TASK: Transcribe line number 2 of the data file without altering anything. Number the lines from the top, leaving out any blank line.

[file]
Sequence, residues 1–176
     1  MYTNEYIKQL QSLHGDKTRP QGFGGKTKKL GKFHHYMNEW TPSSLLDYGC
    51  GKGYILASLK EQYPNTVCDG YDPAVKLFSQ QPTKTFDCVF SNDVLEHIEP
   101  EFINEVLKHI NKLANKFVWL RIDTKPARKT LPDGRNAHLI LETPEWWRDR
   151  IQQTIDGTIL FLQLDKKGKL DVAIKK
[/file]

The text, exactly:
     1  MYTNEYIKQL QSLHGDKTRP QGFGGKTKKL GKFHHYMNEW TPSSLLDYGC